Meghan Markle Welcomes Win in Data Privacy Case
The Duchess of Sussex has welcomed a High Court privacy victory over The Mail on Sunday, following the unsanctioned publication of extracts from a letter to her father.
In August 2018, Meghan Markle sent a private handwritten letter to her father, following which the newspaper reproduced and published extracts in a double-page spread in February 2019.
Meghan subsequently sought damages against Associated Newspapers (ANL), for alleged misuse of private information, copyright infringement and breach of the Data Protection Act 2018.
Lord Justice Warby has ruled in Meghan’s favour regarding her claim for misuse of private information, stating that the publication of the letter’s contents was “manifestly excessive and hence unlawful.”
He also said that: "The majority of what was published was about the claimant's own behaviour, her feelings of anguish about her father's behaviour - as she saw it - and the resulting rift between them. These are inherently private and personal matters.
"There is no prospect that a different judgment would be reached after a trial."
Speaking in a statement, Meghan welcomed the victory, saying: "For these outlets, it's a game. For me and so many others, it's real life, real relationships, and very real sadness. The damage they have done and continue to do runs deep."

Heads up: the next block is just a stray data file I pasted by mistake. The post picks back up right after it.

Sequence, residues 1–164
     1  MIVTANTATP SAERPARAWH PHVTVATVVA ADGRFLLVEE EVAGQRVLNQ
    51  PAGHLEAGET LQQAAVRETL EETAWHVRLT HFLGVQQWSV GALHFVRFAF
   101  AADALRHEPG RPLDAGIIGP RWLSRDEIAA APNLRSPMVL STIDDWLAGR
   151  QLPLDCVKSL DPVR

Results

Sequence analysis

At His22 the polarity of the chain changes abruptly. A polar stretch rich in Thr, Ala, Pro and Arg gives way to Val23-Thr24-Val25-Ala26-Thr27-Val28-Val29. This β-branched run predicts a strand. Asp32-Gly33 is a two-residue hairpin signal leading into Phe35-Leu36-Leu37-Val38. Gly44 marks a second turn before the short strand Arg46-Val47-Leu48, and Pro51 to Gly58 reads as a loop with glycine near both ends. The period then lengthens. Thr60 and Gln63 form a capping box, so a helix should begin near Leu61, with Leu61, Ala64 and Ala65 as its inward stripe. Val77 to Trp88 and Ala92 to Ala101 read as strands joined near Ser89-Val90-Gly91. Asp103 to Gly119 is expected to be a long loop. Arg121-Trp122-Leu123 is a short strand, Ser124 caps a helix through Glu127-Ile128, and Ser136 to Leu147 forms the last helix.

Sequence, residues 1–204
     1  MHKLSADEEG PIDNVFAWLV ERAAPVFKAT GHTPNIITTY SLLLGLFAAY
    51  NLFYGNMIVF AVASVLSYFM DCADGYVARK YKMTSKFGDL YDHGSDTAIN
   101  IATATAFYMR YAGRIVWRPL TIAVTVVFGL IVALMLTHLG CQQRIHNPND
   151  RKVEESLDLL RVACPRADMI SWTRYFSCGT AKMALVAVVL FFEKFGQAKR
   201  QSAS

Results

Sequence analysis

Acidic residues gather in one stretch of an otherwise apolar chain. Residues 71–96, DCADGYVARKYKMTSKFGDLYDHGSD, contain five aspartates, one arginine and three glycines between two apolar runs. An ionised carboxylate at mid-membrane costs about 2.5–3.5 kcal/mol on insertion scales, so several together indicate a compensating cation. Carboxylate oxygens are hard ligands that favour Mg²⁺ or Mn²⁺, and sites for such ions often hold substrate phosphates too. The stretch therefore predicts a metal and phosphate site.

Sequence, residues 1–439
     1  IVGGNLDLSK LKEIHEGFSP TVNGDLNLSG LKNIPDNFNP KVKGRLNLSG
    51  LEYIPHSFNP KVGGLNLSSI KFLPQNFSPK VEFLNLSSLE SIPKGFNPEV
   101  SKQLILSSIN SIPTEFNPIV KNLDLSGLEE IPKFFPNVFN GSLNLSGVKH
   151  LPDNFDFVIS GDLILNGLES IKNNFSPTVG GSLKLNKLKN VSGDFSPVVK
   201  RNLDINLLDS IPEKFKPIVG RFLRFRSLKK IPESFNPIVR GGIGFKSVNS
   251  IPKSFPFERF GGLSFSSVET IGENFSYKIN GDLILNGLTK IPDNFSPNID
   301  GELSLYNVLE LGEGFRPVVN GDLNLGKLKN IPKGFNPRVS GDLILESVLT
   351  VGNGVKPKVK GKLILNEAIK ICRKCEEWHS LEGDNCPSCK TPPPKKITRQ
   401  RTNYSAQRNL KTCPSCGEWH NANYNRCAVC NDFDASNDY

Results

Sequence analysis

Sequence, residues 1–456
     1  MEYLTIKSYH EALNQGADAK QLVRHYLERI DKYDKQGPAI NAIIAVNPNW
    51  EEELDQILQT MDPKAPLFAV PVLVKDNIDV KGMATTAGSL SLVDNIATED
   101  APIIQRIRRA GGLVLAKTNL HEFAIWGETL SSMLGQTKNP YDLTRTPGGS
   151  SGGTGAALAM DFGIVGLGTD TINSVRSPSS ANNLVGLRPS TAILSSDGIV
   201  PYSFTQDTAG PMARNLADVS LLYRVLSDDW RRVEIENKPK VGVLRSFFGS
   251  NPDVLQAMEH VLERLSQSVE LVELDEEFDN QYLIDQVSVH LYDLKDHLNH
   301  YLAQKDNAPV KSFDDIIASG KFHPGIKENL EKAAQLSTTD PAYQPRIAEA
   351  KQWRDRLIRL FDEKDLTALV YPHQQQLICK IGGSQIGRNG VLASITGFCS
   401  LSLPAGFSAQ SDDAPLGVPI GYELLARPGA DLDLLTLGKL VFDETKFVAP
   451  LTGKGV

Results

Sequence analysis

"We now know, and hope it creates legal precedent, that you cannot take somebody's privacy and exploit it in a privacy case, as the defendant has blatantly done over the past two years."
However, the case has not yet concluded, as the claims for copyright infringement and breach of the Data Protection Act are yet to be resolved. The Data Protection claim was not considered at the hearing and the full trial of the duchess’s claim has been adjourned until Autumn 2021 for a ‘confidential reason’.
Anyone who has suffered damage or distress caused by an organisation who breaches any part of the Data Protection Act may have a right to claim compensation.
Compensation isn’t solely used to recoup any financial losses; it can also be used for the distress that a breach can cause, as is being proven in the case involving the Duchess of Sussex.
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Hayes Connor has one of the largest teams of data breach specialists in the country, with a wealth of combined experience. We have particular expertise in handling breaches of GDPR, so can advise you if you believe that you are in a position to make a claim.
Our expert team will provide tailored advice to help clarify whether you have grounds to make a claim, how the claims process will work and the level of compensation you may be entitled to.
Our aim is to make sure that anyone affected by a GDPR breach is able to access the compensation they deserve, while simultaneously making the claims process as straightforward as possible.
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